Turfgrass Maintenance Fertilization

An important first step to fertilizing your lawn is to test your soil to determine what fertilizer is best for your lawn. Testing your soil through AgriLife is inexpensive and can help you determine what nutrients you actually need. North Texas soils may already have enough phosphorous and potassium, so a fertilizer that provides only nitrogen might be the best choice.

When purchasing fertilizer, the three numbers on the bag represent Nitrogen, Phosphorus and Potassium ratios. A well-balanced general fertilizer has a 4-1-2 ratio of nutrients. However, North Texas soils are commonly very high in potassium. Fertilizers that contain primarily nitrogen (like 21-0-0) and little to no phosphorous or potassium are often sufficient for our soils. Select a fertilizer that has slow release nitrogen. This information can be found on the back of your fertilizer bag. The fertilizers and other chemicals you apply to your landscape which go unused have the potential to leach out or wash away, wasting your money and polluting our stormwater. Fertilizer should only be applied to actively growing plant material for this reason. When applying your fertilizer, is it important to follow the label closely for safety protocols and application rates.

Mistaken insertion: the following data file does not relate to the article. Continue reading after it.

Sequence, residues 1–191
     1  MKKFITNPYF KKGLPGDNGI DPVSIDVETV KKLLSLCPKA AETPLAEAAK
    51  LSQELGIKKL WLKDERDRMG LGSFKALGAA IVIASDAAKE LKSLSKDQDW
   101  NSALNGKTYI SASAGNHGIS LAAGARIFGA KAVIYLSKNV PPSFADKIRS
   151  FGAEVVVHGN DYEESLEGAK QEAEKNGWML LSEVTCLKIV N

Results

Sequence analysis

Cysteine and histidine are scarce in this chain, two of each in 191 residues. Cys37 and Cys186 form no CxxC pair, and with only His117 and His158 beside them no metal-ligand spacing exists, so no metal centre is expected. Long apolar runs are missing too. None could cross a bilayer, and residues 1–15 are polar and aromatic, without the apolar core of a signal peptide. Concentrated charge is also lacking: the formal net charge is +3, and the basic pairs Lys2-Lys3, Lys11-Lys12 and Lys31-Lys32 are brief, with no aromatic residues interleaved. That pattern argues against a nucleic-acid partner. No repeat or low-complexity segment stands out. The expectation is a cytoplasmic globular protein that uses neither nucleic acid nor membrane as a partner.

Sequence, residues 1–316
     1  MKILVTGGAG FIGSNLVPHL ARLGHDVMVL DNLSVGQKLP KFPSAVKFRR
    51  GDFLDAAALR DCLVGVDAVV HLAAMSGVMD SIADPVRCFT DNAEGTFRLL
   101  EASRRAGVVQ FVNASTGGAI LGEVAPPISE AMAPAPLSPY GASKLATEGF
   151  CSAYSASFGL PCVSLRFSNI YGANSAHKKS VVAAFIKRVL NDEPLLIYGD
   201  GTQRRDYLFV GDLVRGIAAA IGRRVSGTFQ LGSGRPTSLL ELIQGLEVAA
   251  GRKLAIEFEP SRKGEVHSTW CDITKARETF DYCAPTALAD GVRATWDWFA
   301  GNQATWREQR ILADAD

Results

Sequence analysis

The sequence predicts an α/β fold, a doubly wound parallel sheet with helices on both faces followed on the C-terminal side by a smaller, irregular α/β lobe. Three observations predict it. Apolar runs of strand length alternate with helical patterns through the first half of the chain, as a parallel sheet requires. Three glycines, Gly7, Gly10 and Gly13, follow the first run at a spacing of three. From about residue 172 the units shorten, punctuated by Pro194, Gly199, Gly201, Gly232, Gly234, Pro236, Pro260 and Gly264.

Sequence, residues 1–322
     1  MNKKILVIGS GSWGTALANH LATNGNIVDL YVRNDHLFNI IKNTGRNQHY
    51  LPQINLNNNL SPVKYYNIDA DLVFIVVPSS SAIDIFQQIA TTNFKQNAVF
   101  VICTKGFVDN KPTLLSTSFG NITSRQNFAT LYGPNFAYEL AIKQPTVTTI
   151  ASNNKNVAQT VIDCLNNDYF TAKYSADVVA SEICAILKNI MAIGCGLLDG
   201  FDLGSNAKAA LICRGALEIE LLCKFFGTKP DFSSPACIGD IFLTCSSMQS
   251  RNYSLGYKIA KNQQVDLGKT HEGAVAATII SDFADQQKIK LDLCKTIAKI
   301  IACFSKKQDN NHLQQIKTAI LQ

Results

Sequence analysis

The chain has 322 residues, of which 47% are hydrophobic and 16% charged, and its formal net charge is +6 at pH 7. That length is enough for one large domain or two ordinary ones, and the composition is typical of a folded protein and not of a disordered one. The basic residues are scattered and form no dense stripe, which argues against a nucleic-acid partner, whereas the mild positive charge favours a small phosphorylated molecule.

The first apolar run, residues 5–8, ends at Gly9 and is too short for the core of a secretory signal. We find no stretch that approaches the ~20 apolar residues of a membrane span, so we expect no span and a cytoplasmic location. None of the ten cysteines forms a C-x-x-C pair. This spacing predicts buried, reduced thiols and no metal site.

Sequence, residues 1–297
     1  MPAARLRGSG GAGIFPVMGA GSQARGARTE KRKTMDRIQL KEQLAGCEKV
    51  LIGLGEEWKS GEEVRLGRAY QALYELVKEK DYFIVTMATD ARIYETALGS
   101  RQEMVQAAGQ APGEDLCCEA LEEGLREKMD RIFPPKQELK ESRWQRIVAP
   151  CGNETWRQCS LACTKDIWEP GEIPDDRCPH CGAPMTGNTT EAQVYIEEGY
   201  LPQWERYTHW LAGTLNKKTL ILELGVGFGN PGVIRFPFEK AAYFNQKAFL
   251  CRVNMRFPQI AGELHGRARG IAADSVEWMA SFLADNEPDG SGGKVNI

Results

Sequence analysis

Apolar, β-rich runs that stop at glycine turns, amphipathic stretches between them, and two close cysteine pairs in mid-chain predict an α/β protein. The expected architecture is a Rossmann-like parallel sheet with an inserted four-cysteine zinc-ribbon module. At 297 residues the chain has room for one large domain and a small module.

One recommended practice is to apply your fertilizer with a spreader at half the application rate in the first pass. Then, apply the remainder on a second perpendicular pass in a checker board pattern to ensure you do not miss any areas of your lawn. Missing areas could result in a striped pattern (example: If your fertilizer calls for you to set your spreader at an 8, set it at a 4 and apply back and forth in one direction and then again in the perpendicular direction. This provides the proper application rate with less of a chance of missed areas.)

Fertilizer spreader distribution pattern

Fertilizer spreader distribution pattern

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